During the summer, EV Grieve and DNA Info reported about a campaign by neighbors on East 1st Street to turn a rat infested lot into a community sculpture garden. Since that time, members of the First Street Green Cultural Park have been working towards making their dream a reality. The following post is authored by Aleksandra Khasina, one of the group’s leaders:
If you are on the corner of 1st Ave and 1st Street, it’s hard to resist calling your friends and announcing you’re at the nexus of the universe.
Walk down 1st Street, between 1st and 2nd avenue, and you will see not only mixed elements of the old and new East Village that are becoming typical of these soon gentrified streets, but you see the heart of what makes this block a gem to the community and to me – home.
The cafes are more than tables and chairs: the baristas at Blue Bird will help you decide what freshly baked pastry to try, the waitress at Prune will chat about her hometown, and the woman running the Aussie pie shop will be there when you’ve had one too many drinks and your New York palate demands more than pizza.
Once you look past the establishments, you cannot miss the block’s demographic.
Artists (including 1st street veterans who have called this their home for decades) make this street one of the distinct faces of the East Village/Lower East Side artistic community. Scott Pfaffman created an outside sculpture from bicycle parts, and there are artworks in windows as you stroll down the block. There is a pop-up gallery* at 35 East 1st street, until the retail space is rented. But all these seem arbitrary when I just look around at the buildings, the fire escapes, the facades and the shadows; all these have been here through the years, and they stare back with their own story.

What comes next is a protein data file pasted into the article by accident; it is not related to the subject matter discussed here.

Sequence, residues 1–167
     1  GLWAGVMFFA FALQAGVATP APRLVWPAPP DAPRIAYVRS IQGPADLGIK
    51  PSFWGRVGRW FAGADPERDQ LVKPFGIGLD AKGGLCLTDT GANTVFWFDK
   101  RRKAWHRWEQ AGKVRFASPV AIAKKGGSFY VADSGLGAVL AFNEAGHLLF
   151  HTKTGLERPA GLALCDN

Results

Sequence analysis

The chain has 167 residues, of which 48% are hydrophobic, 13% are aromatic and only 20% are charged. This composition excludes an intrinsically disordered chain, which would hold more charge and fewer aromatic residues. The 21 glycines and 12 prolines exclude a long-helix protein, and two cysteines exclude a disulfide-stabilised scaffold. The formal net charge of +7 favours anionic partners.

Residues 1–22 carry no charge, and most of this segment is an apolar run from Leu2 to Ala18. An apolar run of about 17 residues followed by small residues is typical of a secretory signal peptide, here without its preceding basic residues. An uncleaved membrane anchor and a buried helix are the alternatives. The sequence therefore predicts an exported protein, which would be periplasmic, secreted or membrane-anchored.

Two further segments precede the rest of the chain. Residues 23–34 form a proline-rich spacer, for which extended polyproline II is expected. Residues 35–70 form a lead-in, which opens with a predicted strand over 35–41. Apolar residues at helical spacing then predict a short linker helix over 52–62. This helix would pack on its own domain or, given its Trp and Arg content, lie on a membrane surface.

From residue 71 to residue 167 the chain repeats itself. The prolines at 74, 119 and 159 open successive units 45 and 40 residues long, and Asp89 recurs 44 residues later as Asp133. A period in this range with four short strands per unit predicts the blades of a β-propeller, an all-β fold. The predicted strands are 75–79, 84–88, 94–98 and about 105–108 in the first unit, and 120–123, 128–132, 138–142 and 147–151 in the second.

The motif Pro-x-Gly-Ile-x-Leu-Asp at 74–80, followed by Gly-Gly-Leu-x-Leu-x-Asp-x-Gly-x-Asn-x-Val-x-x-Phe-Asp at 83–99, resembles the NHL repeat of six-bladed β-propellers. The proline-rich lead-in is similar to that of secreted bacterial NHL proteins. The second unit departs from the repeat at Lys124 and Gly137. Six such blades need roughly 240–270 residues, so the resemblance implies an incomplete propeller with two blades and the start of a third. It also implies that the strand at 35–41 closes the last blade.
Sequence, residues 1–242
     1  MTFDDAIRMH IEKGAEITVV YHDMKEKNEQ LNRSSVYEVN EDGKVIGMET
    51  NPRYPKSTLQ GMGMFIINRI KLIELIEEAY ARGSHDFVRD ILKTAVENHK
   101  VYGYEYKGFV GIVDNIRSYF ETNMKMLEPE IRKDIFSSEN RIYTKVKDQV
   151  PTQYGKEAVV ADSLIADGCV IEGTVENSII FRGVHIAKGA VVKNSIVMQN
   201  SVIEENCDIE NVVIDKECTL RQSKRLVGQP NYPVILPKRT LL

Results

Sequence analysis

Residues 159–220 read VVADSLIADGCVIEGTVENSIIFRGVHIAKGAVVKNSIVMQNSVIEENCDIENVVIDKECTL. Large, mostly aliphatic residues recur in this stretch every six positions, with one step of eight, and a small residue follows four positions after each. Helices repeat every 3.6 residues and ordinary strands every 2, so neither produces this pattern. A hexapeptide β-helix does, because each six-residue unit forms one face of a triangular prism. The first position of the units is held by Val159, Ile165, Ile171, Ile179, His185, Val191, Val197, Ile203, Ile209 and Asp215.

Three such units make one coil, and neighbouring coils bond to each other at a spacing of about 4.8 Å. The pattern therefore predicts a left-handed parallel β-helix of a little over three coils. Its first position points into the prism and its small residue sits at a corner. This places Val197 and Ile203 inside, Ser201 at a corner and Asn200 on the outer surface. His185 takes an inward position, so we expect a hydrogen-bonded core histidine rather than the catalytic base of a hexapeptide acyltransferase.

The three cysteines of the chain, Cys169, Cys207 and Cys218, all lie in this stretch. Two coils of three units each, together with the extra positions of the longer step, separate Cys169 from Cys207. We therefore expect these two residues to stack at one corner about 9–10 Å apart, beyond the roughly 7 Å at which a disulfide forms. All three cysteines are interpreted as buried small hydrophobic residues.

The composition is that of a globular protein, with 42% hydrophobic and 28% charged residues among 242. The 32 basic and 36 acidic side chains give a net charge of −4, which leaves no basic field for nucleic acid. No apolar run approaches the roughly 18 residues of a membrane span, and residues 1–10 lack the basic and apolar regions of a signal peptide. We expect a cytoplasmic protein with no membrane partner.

The Lower East Side Girls Club also has headquarters on the block, but since they are relocating soon (congratulations!), this block needs a new center for community programs.
And there is one more small thing. Or rather, a lot of small things.
Rats – they are the unwelcome inhabitants of 1st Street.
The vacant lot at 33 East First Street is owned by the New York City Department of Parks and Recreation (DPR). In 1937, the city demolished the abandoned building, but left the basement and foundation intact. This structure is also said to connect to another neglected lot’s foundation, which, in turn connects to the subway.
Yes, it is like the Grand Central of rats in East Village. This infestation has created a toxic area for the community, but it is zoned as a public park.
A group of neighborhood volunteers, including the First Street Block Association, have been leading the charge to create the new First Street Green Cultural Park, where instead of rats there is a plan for a park and cultural space.
The contemporary blueprint, created by Todo Design team Silva Ajemian and Jorge Prado, falls in line with the city’s green initiative. The green sloping rooftop for the cultural center will provide both a grassy recline, as well as the covering for galleries, exhibitions, and/or community art programs.
We need a clean, rat-free East Village, you need more creative space and everybody needs more green as they stroll down the street, coffee in hand.
The first step is community involvement – go to www.firststreetgreenpark.org and contact us to see how you can get involved! We can do it!
Aleksandra Khasina is a Financial Associate at a global investment bank, and a leader in the First Street Green Cultural Park project. She is an avid supporter of sustainability.
*All artwork is by local artists, and proceeds go to First Street Green Cultural Park.